While dozens of earnings reports are expected in the coming week and economic data will bring more insights into the impact of the coronavirus the main focus will still be on developments relating to the virus and how soon the economy can reopen.
Around 20% of S&P 500 companies are expected to report results in the coming week and there are also some important economic reports, including U.S. jobless claims, durable goods and existing home sales. The euro zone is to release PMI data for April along with reports from Germany’s ZEW and Ifo, while the U.K. is set to publish figures on unemployment, inflation and retail sales. Here’s what you need to know to start your week.
Some states to begin lifting coronavirus restrictions
U.S. President Donald Trump said on Saturday that Texas and Vermont will allow certain businesses to reopen on Monday while still observing coronavirus-related precautions.
Demonstrations to demand an end to stay-at-home measures spread to Texas on Saturday. Trump appeared to encourage protesters with a series of Twitter posts on Friday calling for them to “LIBERATE” Michigan, Minnesota and Virginia, all run by Democratic governors.
Trump has touted a thriving economy as the best case for his re-election in November.
Several states, including Ohio, Michigan, Texas and Florida, have said they aim to reopen parts of their economies, perhaps by May 1 or even sooner, but appeared to be staying cautious.
Vice President Mike Pence said on Friday the U.S. had the capacity to do a sufficient amount of testing for states to move into a phase one of reopening, but Governors and state health officials say there is nowhere near enough test kits and equipment available.
The U.S. has by far the world’s largest number of confirmed coronavirus cases, with more than 720,000 infections and over 37,000 deaths.
Around one hundred S&P 500 companies are expected to report results this week, as investors digest a market surge that has lifted the S&P index 25% from its March lows as of Thursday. Those include major industrial, tech and consumer products companies, as well as streaming company Netflix (NASDAQ:NFLX), whose shares rose to a record high in the past week as widespread stay-at-home orders drove demand for online streaming services.
Some of the companies also reporting are among those worst hit by the pandemic’s fallout, including airlines such as Delta Air Lines (NYSE:DAL) and Southwest Airlines (NYSE:LUV).
Investors are bracing for brutal first-quarter earnings but will also be on the lookout for indications of how soon business can get back on track.
U.S. initial jobless claims may ease
Initial jobless claims could slow again this week as the initial reaction to shutdowns starts to ease. More than 22 million Americans have filed for unemployment benefits in the past month as closures of businesses and schools and severe travel restrictions have hammered the economy.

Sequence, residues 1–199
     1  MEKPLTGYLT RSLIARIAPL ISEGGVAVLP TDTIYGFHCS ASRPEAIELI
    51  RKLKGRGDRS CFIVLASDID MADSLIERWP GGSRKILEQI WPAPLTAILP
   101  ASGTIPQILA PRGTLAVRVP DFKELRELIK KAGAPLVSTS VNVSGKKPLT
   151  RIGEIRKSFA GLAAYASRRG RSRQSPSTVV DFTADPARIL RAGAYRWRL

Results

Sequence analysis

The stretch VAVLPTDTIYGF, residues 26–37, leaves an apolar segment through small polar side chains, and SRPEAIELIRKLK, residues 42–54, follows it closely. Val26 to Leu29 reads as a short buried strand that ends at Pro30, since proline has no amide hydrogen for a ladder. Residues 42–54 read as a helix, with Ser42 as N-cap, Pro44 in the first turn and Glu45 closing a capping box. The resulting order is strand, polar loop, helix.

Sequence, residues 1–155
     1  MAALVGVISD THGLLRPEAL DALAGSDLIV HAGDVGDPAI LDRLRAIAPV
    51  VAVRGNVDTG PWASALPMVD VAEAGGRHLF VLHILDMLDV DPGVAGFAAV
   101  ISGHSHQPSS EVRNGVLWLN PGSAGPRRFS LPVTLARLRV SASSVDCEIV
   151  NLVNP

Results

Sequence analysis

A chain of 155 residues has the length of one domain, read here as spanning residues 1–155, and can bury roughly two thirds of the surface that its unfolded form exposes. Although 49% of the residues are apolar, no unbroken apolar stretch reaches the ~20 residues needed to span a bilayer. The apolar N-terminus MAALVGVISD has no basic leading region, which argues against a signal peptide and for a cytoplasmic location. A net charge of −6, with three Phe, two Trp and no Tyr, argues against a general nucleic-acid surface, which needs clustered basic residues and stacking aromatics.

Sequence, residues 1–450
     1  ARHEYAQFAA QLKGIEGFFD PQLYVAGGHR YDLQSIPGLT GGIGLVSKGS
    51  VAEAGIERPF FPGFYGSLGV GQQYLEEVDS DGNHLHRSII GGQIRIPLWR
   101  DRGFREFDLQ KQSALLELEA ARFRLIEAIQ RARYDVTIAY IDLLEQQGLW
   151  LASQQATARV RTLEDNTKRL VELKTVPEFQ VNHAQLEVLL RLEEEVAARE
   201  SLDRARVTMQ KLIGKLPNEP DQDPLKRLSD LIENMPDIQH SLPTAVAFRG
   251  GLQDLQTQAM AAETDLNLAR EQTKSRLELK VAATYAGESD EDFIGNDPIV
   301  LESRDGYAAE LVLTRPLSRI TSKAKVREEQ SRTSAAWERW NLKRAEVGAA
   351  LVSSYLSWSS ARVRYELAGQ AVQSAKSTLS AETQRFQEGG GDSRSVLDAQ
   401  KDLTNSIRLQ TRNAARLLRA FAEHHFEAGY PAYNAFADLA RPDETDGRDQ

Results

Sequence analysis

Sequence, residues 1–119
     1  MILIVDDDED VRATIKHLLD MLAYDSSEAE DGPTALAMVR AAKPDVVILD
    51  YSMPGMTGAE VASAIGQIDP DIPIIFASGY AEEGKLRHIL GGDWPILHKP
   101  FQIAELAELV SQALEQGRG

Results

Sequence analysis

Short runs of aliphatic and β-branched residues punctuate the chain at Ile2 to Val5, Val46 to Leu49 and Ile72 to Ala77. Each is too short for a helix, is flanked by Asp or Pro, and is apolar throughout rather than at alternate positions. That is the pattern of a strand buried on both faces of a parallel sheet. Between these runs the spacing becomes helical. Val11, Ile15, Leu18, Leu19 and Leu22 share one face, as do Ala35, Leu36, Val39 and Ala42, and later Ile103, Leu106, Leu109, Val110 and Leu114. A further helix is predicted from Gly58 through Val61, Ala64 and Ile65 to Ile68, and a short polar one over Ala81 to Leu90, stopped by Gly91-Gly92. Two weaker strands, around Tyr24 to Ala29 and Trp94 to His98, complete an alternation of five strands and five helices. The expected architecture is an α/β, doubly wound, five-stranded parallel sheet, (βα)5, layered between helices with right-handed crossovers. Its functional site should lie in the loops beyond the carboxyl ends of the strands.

Durable goods orders are expected to plunge, given recent weakness in manufacturing data and the collapse in the oil and gas sector caused by tumbling commodity prices.
The calendar also features updates on new and existing home sales and PMI data, which is expected to drop further.
Meanwhile, the Federal Reserve is in blackout mode ahead of its next scheduled policy meeting on April 29th.
Euro zone PMI pain
Thursday’s advance readings of euro zone PMIs for April are likely to make for painful reading.
Composite euro zone PMIs, comprising services and manufacturing, dropped to a record low of 29.7 last month, the biggest monthly drop since the survey began in July 1998.
In addition to the PMI data reports from Germany’s ZEW and Ifo Institutes will shed more light on the health of the bloc’s largest economy as it prepares to ease virus lockdown measures.
Euro zone finance ministers are to meet on Thursday to continue discussions about an EU fund to boost the recovery. The issue of joint European debt, or corona bonds, is likely to come up again, but the chance they will ever see the light of day remains slim.
UK data to give first real look at economic hit
The scale of the economic fallout from coronavirus pandemic in the UK is likely to be both larger, and much more rapid, than that of the Global Financial Crisis.
With that in mind, some economists expect Thursday’s retail sales figures to show a decline of around 10%, but this number could be much larger based on other spending indicators already released. PMI data is also expected to point to a steep slowdown in activity.
The week will also bring what will be closely watched updates on unemployment and inflation.